And there are plenty of ‘someone’s around. BHP and Woodside Petroleum’s Scarborough natural gas development is a perfect example, with Woodside also have its Browse project. These assets are nearby, and tying them to the NWS facilities is considerably more economic than having to build a new liquefaction plant from scratch. Even Chevron has its own assets in the area – the giant Gorgon and Wheatstone LNG project – but due to geography and proximity, has developed these as independent projects with individual facilities. The problem is that the potential third-party assets to be tied into NWS are owned by some of the NWS’ own stakeholders. This would upset the delicate balance between the NWS partners – who designed the structure to be equal and equitable.
With this significant misalignment between Chevron and its partners, it makes sense that Chevron would want to sell out of the project, particularly since the sale could fetch as much as US$4 billion, which is a nice chunk of change to help Chevron weather the current Covid-19 storm. It won’t just be Chevron considering this; BP and Shell will be thinking about this as well, although the Japanese partners are likely to remain to continue siphoning the LNG back home. While the potential suitors have not been named, the most likely candidate is Woodside, who could use its additional clout to convince the remaining NWS partners to agree on feeding Browse gas into NWS, a proposal that it has had difficulties with so far. Key Asian LNG buyers could be potential suitors as well, particularly Korean or Chinese companies that are keen to secure LNG assets for their own growing demand.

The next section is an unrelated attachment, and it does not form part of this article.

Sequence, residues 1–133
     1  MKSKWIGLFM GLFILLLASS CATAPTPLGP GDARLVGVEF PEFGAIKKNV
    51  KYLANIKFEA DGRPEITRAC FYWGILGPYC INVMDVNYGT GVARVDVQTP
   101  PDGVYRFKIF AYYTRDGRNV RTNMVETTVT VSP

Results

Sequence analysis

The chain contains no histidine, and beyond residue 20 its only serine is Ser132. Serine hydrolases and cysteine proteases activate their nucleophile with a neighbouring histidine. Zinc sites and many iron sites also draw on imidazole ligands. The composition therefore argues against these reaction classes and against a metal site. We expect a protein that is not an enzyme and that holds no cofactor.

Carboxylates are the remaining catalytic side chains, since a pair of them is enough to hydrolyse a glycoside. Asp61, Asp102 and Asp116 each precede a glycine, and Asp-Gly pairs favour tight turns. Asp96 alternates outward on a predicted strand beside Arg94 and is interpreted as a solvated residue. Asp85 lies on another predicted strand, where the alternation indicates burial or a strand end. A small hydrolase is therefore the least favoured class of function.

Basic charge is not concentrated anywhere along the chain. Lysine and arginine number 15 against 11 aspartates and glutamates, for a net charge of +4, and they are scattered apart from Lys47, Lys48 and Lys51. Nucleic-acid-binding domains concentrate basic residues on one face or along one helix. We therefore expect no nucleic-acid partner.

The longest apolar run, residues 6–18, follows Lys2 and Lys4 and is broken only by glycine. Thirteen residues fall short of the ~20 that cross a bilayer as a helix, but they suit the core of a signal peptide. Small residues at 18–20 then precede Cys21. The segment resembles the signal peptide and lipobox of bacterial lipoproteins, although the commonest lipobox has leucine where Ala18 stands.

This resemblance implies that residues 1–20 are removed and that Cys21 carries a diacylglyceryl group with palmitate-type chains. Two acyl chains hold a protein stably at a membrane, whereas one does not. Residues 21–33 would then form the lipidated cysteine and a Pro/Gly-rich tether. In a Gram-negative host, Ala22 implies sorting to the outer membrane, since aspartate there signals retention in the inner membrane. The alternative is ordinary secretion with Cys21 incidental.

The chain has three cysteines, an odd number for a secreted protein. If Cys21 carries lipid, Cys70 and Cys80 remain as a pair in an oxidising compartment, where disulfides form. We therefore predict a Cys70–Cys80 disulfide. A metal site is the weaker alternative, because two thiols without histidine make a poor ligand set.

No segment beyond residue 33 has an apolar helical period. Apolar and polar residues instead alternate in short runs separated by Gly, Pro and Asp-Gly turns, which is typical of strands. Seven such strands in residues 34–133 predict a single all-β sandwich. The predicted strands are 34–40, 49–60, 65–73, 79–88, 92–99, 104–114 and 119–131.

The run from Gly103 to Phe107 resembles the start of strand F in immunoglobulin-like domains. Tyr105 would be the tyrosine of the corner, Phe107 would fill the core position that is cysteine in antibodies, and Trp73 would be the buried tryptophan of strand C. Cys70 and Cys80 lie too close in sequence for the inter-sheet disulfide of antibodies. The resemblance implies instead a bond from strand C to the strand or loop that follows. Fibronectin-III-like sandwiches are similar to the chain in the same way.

This problem won’t be unique to the North West Shelf. It is one that most giant LNG projects that were developed in the 1980s and 1990s must confront soon: with associated natural gas reserves running low, these projects must now look for alternative sources to continue LNG production. For some, circumstances may dictate that decommissioning makes more sense. But for others, like the North West Shelf, the presence of other nearby assets is a double-edged sword: it means that the project can keep running, but will have change its business model to adapt. That means ruffling a few feathers. Chevron might be one of the first to take this step, but it certainly will not be the last.